However as I’ve thought about it, I don’t think it is by accident that Heavenly Father created babies—human babies that is—to be so helpless and so completely dependent upon their parents, or other caretakers, for all their needs. From my personal experience as a new mother, I didn’t fall instantly in love with the beautiful, but red-faced, screaming newborn placed on my chest just moments after birth. In those early days I was tired, emotional, and so completely overwhelmed with just how much effort and energy this new baby required. But as the days and weeks passed, as I nurtured and cared for this helpless little baby day in and day out, my love grew stronger and stronger until I thought my heart would burst wide open. Over the years I often heard the saying, “You love those you serve.” For some reason, I never really equated this idea with being a mother. We don’t tend to think of parenting as serving, but that’s exactly what we are doing. As mothers we are “clothing the naked, feeding the hungry and visiting or taking care of the sick and afflicted.” And as Jesus says in the 25th chapter of Matthew, “Verily I saw unto you, Inasmuch as ye have done it unto one of the least of these my brethren, ye have done it unto me.”
As I mentioned it took a while for those ‘natural’ feelings of motherhood to kick in, but once they did I was smitten. B and I would say about our oldest daughter, “We’re so lucky. She is so cute, and silly. She’s funny and so smart. We’re so lucky we got one of those cute, smart, funny kids.” For a while I actually thought those were some of the reasons I loved her. A few years later I got pregnant again. This time B and I would find out that the baby I was carrying would be born with disabilities. We knew for sure this precious baby would have physical disabilities, but we didn’t know if she would have cognitive delays, medical issues and or if she would even live past birth. But my mother heart knew I loved her—tenderly and deeply. It was then that I realized I don’t love my children because of how cute, funny or smart they are (even though they are). I don’t love them for abilities, for what they can and can’t do. I love them because they’re mine, they were sent to me. And if I do my job as a mother even a little bit correctly, I will love them. In the words of another mom, “All they had to do was show up.”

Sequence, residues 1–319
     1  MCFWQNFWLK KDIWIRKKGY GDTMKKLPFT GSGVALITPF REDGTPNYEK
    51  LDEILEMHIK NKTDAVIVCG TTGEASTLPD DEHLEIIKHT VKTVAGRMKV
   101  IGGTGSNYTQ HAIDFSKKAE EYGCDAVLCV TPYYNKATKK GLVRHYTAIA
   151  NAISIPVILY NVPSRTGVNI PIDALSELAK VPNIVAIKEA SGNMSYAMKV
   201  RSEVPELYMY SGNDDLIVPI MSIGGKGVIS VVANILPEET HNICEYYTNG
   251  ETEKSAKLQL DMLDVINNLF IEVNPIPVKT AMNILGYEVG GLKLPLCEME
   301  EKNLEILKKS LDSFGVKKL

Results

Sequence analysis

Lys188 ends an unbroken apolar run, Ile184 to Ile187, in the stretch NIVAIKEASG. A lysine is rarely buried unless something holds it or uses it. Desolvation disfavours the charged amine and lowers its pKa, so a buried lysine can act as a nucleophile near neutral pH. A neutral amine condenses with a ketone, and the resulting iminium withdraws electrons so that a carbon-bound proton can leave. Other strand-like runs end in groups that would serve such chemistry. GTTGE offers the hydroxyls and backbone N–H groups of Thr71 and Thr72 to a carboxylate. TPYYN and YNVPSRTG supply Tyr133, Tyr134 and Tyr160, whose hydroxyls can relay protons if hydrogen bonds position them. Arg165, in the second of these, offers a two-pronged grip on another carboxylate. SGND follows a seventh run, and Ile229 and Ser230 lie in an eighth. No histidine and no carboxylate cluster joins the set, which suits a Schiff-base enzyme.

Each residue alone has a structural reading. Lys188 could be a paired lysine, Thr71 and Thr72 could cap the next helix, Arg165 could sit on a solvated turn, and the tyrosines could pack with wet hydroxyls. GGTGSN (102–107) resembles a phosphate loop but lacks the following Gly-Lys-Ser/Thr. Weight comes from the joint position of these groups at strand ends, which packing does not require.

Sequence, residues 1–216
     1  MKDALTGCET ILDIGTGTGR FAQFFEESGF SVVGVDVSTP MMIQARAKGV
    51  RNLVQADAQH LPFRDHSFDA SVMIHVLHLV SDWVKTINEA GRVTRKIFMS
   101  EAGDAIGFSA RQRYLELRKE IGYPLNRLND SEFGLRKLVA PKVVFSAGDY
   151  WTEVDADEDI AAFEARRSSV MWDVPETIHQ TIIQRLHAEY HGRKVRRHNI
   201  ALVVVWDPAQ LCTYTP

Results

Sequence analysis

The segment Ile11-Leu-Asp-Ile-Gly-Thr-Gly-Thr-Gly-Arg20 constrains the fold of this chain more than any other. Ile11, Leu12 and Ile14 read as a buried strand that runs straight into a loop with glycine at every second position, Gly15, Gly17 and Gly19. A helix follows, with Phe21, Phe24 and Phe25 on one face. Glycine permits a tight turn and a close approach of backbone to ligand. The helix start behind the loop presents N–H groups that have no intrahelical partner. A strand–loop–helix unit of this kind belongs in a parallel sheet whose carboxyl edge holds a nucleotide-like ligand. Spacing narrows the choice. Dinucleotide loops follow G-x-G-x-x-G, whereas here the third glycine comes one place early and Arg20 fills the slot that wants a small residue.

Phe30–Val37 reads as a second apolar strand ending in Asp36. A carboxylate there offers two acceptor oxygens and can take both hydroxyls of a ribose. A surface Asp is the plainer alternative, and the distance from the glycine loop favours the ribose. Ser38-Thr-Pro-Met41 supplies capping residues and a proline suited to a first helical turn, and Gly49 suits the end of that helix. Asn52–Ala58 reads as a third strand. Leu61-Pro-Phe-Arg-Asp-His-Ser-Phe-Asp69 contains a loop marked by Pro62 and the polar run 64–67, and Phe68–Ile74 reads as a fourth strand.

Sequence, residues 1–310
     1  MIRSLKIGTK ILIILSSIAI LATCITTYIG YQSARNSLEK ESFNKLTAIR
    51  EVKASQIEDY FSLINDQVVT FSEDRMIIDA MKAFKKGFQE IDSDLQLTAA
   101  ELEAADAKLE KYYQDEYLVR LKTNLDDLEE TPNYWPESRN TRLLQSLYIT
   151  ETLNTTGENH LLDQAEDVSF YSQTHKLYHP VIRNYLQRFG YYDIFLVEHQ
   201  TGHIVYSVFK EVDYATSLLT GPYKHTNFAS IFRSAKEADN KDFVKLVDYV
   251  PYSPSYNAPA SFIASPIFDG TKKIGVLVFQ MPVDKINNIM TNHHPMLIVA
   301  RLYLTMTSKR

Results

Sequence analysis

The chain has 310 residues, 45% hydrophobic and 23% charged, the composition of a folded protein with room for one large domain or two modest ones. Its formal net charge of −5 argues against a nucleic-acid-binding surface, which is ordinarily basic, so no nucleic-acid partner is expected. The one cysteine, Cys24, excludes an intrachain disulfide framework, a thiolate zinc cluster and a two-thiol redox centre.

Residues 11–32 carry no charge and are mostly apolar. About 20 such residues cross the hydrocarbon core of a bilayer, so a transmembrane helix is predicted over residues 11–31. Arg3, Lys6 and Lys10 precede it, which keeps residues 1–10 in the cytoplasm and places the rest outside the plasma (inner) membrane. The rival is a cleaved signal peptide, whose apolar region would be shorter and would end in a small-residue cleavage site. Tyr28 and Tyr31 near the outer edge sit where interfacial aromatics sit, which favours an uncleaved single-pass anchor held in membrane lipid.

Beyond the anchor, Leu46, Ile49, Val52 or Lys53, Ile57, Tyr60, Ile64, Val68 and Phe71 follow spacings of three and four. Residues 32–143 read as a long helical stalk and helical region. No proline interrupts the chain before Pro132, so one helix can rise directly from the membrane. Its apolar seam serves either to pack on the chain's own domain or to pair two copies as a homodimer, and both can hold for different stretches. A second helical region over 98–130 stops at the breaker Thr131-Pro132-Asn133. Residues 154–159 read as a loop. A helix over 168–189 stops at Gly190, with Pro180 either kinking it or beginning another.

When I think about all the time and energy I spent dating and looking for my wonderful husband, it’s amazing to me that when it comes to our children “You get what you get and you don’t throw a fit.” We don’t get to choose their personalities, their strengths or weaknesses, but we love them anyway. I think we all know families with a child who presents more challenges than the others, but again they are loved. I think there is a lesson there in our ability to love.
What my children taught me is that if you want to love someone, serve them. And the more you love them, the more you will want to serve them. Likewise, make sure you allow others the blessing of serving you.
In closing I want to read a couple quotes that go along with this idea. The first quote is from my good friend CS Lewis. He is talking about charity, or the pure love of Christ. He says,
"Do not waste time bothering whether you 'love' your neighbor; act as if you did. As soon as we do this we find one of the great secrets. When you are behaving as if you loved someone, you will presently come to love him. If you injure someone you dislike, you will find yourself disliking him more. If you do him a good turn, you will find yourself disliking him less….. The difference between a Christian and a worldly man is not that the worldly man has only affections or 'likings' and the Christian has only 'charity'. The worldly man treats certain people kindly because he 'likes' them: the Christian, trying to treat every one kindly, finds himself liking more and more people as he goes on — including people he could not even have imagined himself liking at the beginning.
This same spiritual law works terribly in the opposite direction. The Germans, perhaps, at first ill-treated the Jews because they hated them: afterwards they hated them much more because they had ill-treated them. The more cruel you are, the more you will hate; and the more you hate, the more cruel you will become — and so on in a vicious circle for ever.
Good and evil both increase at compound interest."
Finally Marvin J. Ashton said
"The greatest example of love available to all of us is, of course, found in the scripture from John: “For God so loved the world, that he gave his only begotten Son.” (John 3:16.) By the greatest of all acts of love and by this supreme sacrifice, God set the pattern.”